Origin of thought
zigoteau at yahoo.com
Mon Dec 27 06:29:35 EST 2004
Jim (uhor3rih at hotmail.com) wrote in message <11Ozd.125397$dP1.450776 at newsc.telia.net>
I hope this answer appears correctly in the thread. Google Groups Beta
is being beastly to me.
> Thanks for your answer. I have problem to
> believe it starts there.
As I said, the argument from personal incredulity.
> It should then start at a molecular
> and the smaller sub atomic levels.
What do you mean by that? This seems to imply that you conceive a
thought to have no cause. This is not the way I conceive of thinking.
I believe that the essential part of thinking can be described in
terms of the firing of neurons (nerve cells). While this of course
depends on processes at the atomic level and below, the local
potential across the membrane of an axon involves billions of
molecules. The phenomenological description does not require quantum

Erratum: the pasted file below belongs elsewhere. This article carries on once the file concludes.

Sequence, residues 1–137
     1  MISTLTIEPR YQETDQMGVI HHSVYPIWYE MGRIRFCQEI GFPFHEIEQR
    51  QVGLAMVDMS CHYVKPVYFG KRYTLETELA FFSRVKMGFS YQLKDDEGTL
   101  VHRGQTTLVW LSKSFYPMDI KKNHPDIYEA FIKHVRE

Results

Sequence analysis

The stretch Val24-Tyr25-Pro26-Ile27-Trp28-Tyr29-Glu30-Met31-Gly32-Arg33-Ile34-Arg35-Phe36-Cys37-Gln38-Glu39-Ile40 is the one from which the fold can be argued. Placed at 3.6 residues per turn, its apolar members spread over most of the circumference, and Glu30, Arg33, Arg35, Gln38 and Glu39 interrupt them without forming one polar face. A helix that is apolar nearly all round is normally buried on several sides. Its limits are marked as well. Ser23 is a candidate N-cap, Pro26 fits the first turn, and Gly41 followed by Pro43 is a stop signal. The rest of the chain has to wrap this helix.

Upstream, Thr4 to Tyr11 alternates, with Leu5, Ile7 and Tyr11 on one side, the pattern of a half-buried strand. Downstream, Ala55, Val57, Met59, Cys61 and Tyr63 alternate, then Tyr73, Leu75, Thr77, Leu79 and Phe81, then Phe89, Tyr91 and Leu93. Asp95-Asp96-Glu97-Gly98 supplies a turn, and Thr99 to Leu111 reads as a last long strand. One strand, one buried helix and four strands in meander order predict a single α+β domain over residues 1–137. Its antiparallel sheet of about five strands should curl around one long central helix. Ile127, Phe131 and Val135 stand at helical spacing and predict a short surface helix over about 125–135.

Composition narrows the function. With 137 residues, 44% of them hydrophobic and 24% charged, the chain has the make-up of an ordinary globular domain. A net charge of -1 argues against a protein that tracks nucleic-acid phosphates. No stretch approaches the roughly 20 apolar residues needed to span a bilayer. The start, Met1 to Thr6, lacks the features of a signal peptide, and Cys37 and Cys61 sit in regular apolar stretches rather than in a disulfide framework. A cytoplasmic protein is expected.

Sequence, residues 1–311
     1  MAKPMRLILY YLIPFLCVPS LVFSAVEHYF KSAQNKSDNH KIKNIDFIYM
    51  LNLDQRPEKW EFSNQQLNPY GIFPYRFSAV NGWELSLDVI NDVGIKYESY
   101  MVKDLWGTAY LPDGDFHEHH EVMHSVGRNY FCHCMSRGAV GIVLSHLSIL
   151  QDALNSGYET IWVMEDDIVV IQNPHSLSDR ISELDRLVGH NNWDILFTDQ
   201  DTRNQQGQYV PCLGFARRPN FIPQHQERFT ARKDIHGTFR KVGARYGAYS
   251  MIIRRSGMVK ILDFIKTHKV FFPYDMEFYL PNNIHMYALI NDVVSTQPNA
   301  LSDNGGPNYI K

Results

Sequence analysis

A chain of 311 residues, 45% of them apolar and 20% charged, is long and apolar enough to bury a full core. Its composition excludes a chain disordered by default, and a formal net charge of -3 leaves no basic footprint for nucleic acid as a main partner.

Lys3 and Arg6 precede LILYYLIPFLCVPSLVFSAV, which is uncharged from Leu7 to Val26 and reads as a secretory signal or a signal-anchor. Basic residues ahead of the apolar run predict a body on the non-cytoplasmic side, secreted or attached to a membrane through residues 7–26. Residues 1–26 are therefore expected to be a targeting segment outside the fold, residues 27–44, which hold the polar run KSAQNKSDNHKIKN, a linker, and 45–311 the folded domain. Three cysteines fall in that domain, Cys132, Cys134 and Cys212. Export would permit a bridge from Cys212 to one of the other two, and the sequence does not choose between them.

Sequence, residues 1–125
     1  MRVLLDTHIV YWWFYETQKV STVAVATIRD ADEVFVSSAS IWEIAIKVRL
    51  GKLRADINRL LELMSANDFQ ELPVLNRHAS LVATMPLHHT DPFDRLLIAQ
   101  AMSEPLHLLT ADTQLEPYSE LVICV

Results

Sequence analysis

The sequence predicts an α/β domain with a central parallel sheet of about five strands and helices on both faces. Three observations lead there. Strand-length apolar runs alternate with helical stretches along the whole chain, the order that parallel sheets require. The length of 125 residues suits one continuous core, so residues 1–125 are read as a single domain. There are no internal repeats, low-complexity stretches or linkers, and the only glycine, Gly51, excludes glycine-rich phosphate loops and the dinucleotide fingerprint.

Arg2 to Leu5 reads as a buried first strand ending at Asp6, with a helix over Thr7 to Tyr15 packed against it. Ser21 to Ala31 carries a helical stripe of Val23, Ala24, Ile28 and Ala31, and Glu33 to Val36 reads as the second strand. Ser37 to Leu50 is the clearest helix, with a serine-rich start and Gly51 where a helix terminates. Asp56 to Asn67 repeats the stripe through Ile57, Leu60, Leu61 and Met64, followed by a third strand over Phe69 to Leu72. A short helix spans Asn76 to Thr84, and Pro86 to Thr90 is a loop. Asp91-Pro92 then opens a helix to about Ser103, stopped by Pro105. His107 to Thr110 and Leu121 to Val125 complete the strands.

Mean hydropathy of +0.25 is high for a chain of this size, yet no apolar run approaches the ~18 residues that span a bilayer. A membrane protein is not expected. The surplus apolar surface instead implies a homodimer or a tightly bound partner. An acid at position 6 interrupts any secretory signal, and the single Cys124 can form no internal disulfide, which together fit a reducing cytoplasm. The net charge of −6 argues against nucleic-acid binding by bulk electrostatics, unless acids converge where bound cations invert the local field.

mechanics. Quantum randomness gives rise to a certain rate of error
which does not interfere too much with the main function of helping us
> But do we then
> control what happens?
No, certainly not in the sense of detailed control.
Could I ask whether you gave your parents detailed instructions about
the design parameters of the baby you were to become?
I think the answer is "no". You are what you find yourself to be.
Anyone can turn on a television set and it will function, even if that
person does not understand how it functions. (Most) human beings
think, but the process is not the result of conscious control.
> And how can we control the
> start of a biochemical thought if there are no chemical
> reactions before that one?
But I believe there were chemical reactions going on in the bodies of
our parents, and in their parents before them.
> But of course, if our thoughts just happen in random :0)
>From a certain perspective that is exactly true.
More information about the Neur-sci